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Wacha Proves He Can Shoulder Starter’s Workload

Many fans this year have discussed the idea of moving Michael Wacha to the bullpen. I’ve been one of them myself. It seemed to make sense. His velocity has been up and he typically fades down the stretch due to his bouts with shoulder issues. Fortunately for the St. Louis Cardinals, Wacha is showing us in 2017 that he can handle an entire season in the rotation.

Wacha is up to 159.2 innings pitched for the season, his most since throwing 181.1 innings in 2015. The problem with his 2015 season was that he faded really badly down the stretch. After posting a 2.93 ERA in the first half his velocity dropped off and he struggled, resulting in a 4.01 second half ERA. Simply looking at it as two halves doesn’t tell the whole story though. It was September where he completely fell apart to the tune of a 7.88 ERA.

This is something that he’s fought with his entire career. He has a 3.59 first half ERA and a 4.16 second half ERA with a career Sept/Oct ERA of 5.05. Wacha seems to have righted the ship this season though as he’s actually improved in the second half and is pitching strong, deep into September. He had a 4.10 ERA in the first half and is now at 3.89 in the second half.

What led to this?

There was quite a bit of talk this offseason about Wacha trying out a new workout regimen to strengthen the shoulder and all of the muscles around it. It was said to be recommended by Brandon McCarthy’s trainer, who had dealt with a very similar injury before. My Redbird Daily colleague Rusty Groppel wrote about this exact thing back in March. So far, it looks like a success. What has me more excited about Wacha than anything is the fact that this has all led to increased velocity, which has sustained late into the season.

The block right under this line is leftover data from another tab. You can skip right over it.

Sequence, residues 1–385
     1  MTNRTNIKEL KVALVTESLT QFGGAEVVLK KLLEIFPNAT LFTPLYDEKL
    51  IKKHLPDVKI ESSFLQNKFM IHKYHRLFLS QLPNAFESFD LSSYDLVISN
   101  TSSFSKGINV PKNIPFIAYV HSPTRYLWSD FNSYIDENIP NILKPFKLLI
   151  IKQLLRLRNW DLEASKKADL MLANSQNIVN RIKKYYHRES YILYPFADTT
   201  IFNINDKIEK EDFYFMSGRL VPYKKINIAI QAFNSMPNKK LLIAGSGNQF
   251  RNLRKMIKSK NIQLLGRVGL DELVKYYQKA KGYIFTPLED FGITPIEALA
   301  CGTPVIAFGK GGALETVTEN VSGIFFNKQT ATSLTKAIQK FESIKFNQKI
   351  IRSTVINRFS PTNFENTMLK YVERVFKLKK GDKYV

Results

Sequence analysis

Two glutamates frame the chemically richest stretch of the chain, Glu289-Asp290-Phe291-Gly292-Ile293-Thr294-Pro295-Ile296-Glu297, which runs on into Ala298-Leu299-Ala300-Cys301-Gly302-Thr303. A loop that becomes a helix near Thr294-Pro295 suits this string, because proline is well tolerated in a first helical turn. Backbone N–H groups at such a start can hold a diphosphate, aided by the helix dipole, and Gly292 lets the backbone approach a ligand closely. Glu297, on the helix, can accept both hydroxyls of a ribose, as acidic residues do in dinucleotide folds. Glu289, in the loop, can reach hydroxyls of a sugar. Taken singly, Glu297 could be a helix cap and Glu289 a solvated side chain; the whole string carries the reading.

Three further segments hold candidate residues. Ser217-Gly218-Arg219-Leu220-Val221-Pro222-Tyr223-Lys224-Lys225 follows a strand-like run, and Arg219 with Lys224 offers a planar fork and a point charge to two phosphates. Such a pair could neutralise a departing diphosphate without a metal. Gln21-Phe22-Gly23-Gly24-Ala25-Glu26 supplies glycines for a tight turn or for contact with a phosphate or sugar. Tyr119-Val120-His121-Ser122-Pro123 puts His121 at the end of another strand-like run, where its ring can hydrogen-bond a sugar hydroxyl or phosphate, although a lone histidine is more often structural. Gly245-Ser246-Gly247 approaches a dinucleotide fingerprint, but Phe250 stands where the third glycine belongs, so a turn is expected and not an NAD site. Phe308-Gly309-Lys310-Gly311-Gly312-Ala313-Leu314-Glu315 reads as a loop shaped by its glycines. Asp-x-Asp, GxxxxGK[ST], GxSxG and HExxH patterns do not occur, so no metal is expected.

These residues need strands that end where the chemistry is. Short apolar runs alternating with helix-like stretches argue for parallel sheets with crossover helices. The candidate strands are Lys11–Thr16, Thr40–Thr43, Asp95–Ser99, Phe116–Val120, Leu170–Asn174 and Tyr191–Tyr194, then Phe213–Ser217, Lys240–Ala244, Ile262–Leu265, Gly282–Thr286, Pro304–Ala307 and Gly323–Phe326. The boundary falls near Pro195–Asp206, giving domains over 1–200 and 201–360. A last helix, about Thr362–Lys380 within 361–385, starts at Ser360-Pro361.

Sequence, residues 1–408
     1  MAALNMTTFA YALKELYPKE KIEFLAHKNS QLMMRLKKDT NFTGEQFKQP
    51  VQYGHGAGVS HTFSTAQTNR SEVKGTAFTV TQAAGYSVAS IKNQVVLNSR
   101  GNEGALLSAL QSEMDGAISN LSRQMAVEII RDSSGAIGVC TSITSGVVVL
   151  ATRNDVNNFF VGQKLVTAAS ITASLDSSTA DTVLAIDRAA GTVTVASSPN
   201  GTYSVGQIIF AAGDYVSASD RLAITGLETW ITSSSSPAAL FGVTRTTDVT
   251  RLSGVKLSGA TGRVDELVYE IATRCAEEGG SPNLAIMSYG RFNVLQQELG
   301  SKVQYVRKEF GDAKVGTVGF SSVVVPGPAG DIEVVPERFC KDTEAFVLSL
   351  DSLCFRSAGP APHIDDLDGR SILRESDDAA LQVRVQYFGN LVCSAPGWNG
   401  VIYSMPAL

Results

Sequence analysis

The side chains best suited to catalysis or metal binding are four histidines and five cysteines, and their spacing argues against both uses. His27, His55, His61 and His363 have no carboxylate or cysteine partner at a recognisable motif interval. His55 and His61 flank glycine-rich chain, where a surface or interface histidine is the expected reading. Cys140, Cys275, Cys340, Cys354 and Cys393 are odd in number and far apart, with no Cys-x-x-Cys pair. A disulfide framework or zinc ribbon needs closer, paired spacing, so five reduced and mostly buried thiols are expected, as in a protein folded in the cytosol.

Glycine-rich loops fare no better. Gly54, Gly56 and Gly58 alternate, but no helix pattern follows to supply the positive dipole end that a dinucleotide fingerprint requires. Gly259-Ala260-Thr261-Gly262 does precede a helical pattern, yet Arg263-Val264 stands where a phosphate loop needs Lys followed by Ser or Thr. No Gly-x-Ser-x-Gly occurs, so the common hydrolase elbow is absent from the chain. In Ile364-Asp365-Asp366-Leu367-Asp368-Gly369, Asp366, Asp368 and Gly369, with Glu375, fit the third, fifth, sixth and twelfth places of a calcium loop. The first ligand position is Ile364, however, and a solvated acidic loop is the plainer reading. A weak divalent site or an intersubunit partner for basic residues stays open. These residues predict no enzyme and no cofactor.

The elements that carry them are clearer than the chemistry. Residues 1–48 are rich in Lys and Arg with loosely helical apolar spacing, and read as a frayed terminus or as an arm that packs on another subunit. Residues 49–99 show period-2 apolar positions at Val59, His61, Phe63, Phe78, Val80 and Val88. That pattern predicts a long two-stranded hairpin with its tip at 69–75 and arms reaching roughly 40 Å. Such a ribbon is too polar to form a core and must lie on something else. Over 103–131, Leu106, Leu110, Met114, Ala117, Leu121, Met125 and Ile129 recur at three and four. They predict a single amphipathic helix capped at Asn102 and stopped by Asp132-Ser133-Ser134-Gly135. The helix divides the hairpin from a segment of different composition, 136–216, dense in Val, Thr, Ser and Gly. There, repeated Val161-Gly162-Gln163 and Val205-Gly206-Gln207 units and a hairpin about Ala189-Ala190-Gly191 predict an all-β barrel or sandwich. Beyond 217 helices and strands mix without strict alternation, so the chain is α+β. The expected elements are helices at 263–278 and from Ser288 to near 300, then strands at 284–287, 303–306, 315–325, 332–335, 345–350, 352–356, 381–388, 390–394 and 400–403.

Wacha Seasonal Velocity

Year Fourseam Sinker Change Curve Cutter
2013 94.20 0.00 86.58 76.27 89.02
2014 94.15 95.12 86.88 75.40 90.53
2015 95.01 0.00 87.29 76.64 90.13
2016 93.88 0.00 85.51 74.95 90.74
2017 95.61 94.28 88.30 77.10 91.25

This data from shows Wacha’s increase in velocity across the board this season. Which is great to see. Looking beyond that though, we can break the 2017 season down by month to prove that his velocity is keeping up throughout the entire season.

Wacha 2017 by Month

Month Fourseam Sinker Change Curve Cutter
4/17 95.80 94.28 88.97 76.15 92.05
5/17 95.25 0.00 88.57 76.53 91.26
6/17 95.28 0.00 87.98 77.02 90.90
7/17 95.61 0.00 87.82 77.21 91.22
8/17 95.88 0.00 88.49 78.25 91.48
9/17 95.89 0.00 87.93 76.88 90.57

When looking at this you won’t see much variance from top to bottom. But his fastball velocity has actually been at it’s highest of the entire season this month. Sure it’s only by 0.01, but it’s still nice to see that he not only has held up throughout the entire year, but has been getting stronger since July.


While Wacha’s 2013 season where he busted onto the scene and looked like a budding ace is unfortunately a clear outlier in his career, he’s showing that he can be a very useful starting pitcher. For the year he’s at 159.2 IP with a 4.00 ERA and a 3.63 FIP. His 8.46 K/9 is his highest strikeout rate since that 2013 season. He is also at 3.1 fWAR, which is his highest total for his career. A 3 WAR pitcher is basically what Lance Lynn has been for the Cardinals every season before this one. I’m excited to see what the future holds for Wacha now that he’s gotten through a season healthy.

His future could be very bright.

Thanks for reading

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